If for some miraculous reason you're a religious reader of this blog, you know we've long touted the wonders of the shamefully obscure folk-pop master Bill Fox, of Cleveland, Ohio. I've been coy about this until now, out of misguided humility, but here goes nothing: my Bruce Banner alter-ego (i.e., my actual identity when I'm not a hulking green blogger) has written a long essay about my quest to find out what happened to Fox after he dropped off the musical map a decade ago. It's in the current issue of THE BELIEVER magazine, which is published by the highly reputable McSweeney's Publishing, LLC, begun by a certain literary fellow named Dave Eggers. The article is entitled "Transit Byzantium," after Fox's 1998 album on spinArt. Here's the editor's copy in the magazine:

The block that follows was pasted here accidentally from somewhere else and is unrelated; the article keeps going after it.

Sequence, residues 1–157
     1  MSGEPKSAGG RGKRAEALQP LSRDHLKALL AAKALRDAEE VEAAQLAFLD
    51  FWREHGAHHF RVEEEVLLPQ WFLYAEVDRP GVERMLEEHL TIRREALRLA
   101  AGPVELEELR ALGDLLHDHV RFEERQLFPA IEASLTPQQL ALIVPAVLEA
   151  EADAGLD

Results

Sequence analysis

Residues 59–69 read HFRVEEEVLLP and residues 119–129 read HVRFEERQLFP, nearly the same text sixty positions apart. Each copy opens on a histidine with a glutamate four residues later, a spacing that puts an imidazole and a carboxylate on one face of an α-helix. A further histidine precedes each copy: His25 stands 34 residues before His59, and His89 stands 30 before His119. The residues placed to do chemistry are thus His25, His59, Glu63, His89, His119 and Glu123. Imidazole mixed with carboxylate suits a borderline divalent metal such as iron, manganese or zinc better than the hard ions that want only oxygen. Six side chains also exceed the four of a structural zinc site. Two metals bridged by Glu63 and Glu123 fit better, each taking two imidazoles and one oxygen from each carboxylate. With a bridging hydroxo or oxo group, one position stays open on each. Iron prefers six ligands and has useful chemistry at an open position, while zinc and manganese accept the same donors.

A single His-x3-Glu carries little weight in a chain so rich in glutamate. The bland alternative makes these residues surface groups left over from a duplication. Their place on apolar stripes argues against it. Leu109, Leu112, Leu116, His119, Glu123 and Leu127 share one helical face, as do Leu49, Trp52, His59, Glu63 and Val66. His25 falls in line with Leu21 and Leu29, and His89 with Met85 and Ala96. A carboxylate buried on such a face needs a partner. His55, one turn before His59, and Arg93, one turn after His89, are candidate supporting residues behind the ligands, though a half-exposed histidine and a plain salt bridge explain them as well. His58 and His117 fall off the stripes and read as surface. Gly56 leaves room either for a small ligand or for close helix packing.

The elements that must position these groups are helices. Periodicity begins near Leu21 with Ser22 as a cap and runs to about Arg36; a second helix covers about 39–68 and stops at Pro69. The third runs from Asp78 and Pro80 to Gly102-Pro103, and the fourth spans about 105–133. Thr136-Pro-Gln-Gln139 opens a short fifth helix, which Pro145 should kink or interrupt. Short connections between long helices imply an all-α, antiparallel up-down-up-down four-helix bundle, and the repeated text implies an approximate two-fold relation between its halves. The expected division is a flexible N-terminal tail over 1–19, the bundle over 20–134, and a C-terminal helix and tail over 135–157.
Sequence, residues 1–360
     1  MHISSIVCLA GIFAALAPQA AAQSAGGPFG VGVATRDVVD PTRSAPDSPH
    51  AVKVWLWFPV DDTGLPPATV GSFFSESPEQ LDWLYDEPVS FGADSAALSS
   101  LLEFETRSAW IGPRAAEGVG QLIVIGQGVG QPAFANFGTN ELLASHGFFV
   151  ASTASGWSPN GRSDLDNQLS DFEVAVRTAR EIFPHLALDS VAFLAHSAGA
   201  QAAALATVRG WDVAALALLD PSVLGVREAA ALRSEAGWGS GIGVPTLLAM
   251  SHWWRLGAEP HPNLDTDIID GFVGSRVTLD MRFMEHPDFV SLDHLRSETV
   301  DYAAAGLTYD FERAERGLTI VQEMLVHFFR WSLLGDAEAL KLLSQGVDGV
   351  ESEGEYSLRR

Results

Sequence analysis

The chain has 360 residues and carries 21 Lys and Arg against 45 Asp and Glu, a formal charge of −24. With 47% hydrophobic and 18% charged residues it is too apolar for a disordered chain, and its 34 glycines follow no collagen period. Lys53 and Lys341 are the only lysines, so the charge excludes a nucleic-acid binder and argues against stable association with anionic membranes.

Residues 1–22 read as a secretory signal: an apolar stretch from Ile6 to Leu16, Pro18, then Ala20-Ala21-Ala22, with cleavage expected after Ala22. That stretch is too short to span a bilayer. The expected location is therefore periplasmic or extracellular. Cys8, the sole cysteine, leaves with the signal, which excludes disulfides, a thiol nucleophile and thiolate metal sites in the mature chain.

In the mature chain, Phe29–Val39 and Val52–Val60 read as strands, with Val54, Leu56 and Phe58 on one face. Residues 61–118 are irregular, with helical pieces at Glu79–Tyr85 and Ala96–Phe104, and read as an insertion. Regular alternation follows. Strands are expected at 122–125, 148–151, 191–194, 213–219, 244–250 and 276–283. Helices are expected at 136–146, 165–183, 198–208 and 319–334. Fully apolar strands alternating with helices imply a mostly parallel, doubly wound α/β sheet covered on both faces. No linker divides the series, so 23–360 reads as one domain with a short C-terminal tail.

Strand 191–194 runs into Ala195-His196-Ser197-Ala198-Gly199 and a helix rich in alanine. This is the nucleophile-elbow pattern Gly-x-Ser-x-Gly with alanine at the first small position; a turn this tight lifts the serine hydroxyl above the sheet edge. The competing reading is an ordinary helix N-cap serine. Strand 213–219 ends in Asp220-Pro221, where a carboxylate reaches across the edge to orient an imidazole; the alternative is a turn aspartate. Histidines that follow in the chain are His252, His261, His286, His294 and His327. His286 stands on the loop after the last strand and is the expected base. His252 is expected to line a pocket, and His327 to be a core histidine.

Why is Bill Fox — one of America’s greatest contemporary songwriters — working in self-imposed exile as a telemarketer in Cleveland?
The leader of power pop act The Mice in the late 1980s, Fox recorded two solo albums in the 1990s, which happen to be two of the best recorded in that particular decade and maybe any decade. Hear for yourself:
Over and Away She Goes - Bill Fox
Song of a Drunken Nightingale - Bill Fox
Please run swiftly to your local independent bookstore and purchase the June/July issue of THE BELIEVER magazine. It comes with a CD of music which has on it a Bill Fox song called "My Baby Crying," which is beautiful.